The dry Santa Eulalia canyon is just inland from Lima and can be made a day-trip from there or better a two-day trip which includes the higher parts. Drive from Lima to Chosica along the Central Highway and turn left to Santa Eulalia which you just pass through. The dusty dirttrack is a bit rough and a sturdy car is preferred.
In the river look for Torrent Duck and White-capped Dipper and in the orchards you can find Peruvian Pygmy-owl. After having crossed the river a couple of times you will see a spectacular bridge, this is about two hours uphill from Santa Eulalia. The area around the bridge is good for Great Inca-finch. The road across the bridge goes to San Pedro de Casta where there are hotels. Bird the scrub in the switchbacks after the bridge for birds like Rusty-bellied Brush-finch, Rusty-crowned Tit-spinetail, Black-necked Woodpecker and Bronze-tailed Comet. You will soon pass an electrical station and beyond that is the turn-off to the right to San Pedro. Continue left here and pass above the station and drive on for another kilometre there are some scrubby valleys which are good for the rare Rufous-breasted Warbling-finch. Black-winged Ground-dove and Andean Condors can be seen here as well.
If continuing straight instead of crossing the bridge the road goes high up in the valley and Giant Hummingbirds are fairly common here. At the highest part a track continues up and eventually takes you to Marcopomacocha. The left road takes you to two small villages San Pedro de Casta and Huachopampa where you can stay in basic lodging. Sierra-Finches are more common up here and also Canyon Canastero and Black-breasted Hillstar.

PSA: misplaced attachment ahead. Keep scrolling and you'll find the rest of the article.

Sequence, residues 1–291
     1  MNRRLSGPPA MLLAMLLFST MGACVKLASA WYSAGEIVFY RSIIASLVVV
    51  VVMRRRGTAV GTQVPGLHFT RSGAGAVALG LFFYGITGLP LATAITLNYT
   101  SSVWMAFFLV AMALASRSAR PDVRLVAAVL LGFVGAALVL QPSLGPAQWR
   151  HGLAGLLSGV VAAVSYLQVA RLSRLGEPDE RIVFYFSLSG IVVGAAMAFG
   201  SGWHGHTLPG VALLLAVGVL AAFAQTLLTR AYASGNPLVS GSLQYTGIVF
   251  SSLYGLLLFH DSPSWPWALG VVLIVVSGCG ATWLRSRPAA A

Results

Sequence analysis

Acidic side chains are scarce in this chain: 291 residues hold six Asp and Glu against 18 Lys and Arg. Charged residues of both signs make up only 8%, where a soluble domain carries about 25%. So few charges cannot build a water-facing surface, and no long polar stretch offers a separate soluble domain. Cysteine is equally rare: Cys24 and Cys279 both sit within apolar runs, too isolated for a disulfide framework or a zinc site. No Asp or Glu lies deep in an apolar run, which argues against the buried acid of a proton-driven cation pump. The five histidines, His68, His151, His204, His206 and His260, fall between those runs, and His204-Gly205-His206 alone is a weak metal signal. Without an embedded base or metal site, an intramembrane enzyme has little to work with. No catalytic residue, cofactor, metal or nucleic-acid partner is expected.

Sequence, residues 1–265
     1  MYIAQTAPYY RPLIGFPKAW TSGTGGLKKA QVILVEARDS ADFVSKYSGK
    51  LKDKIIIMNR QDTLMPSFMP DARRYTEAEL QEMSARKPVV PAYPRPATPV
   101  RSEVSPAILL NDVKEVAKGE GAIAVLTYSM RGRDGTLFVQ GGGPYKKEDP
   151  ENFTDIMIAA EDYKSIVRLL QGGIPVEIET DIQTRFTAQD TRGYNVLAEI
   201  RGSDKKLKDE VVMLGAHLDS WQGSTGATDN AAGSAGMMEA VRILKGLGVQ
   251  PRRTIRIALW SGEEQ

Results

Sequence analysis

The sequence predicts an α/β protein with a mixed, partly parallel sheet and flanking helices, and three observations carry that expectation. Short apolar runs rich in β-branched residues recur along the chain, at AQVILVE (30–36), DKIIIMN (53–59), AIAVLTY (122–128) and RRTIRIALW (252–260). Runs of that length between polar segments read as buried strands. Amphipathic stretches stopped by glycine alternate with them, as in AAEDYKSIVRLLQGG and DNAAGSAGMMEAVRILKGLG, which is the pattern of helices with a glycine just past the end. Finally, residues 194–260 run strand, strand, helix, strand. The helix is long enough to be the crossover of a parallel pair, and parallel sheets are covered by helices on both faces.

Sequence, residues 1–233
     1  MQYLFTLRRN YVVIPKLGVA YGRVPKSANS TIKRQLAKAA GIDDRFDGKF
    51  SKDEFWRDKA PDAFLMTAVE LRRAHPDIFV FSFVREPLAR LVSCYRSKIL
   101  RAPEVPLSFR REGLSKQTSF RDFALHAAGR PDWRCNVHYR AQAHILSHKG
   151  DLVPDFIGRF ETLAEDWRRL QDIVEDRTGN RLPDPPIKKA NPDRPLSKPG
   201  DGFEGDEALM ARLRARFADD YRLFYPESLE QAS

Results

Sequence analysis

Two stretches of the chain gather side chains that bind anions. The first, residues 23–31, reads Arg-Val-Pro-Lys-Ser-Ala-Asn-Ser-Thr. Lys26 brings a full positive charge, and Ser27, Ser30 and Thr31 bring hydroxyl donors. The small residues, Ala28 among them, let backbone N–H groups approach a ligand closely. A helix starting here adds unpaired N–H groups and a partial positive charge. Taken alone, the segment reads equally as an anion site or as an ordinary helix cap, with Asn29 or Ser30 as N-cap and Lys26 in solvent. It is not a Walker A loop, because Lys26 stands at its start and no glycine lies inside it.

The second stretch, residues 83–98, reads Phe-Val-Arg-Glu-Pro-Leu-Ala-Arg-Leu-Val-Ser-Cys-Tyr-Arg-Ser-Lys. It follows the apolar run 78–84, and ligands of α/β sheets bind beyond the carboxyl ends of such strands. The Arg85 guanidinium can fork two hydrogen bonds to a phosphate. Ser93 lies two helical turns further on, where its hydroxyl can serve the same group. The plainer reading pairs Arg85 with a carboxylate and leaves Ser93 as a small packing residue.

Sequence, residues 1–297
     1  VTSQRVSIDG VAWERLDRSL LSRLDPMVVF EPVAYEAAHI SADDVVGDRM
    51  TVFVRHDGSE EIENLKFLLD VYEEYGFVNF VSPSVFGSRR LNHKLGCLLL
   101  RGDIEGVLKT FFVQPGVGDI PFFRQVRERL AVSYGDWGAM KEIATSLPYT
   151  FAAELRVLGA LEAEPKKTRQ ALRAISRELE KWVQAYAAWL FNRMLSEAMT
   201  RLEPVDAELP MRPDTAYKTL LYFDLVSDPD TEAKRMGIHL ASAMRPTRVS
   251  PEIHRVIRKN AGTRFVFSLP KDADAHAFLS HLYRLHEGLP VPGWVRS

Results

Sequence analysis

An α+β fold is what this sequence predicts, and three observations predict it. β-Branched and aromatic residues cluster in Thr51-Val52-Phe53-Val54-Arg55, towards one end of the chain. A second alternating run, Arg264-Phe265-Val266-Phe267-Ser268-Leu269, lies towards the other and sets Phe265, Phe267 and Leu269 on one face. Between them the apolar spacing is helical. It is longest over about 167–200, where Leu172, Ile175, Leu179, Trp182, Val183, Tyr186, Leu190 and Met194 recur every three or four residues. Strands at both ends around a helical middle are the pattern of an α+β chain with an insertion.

If you continue beyond a hidro-electric station (Sheque) along the narrow track to the right you shall eventually cross a small stream which has some trees just next to it. If you look up higher here you shall see more trees and the beginning of the Polylepis forest. White-cheeked Cotinga is often active in the morning as the sun hits the lower trees.
In not entering to Santa Eulalia from the main tarmac road, one can continue to San Bartolome. and from here hike up to the forest of Zarate. It is a long hike of 4-8 hours so one has best to spend the night camping here or get a very early start. This is the only place known where Rufous-breasted Warbling-Finch breeds and from this site the song was recorded for the first time by Charles Hesse in June 2006. Check www.xeno-canto.org for downloading.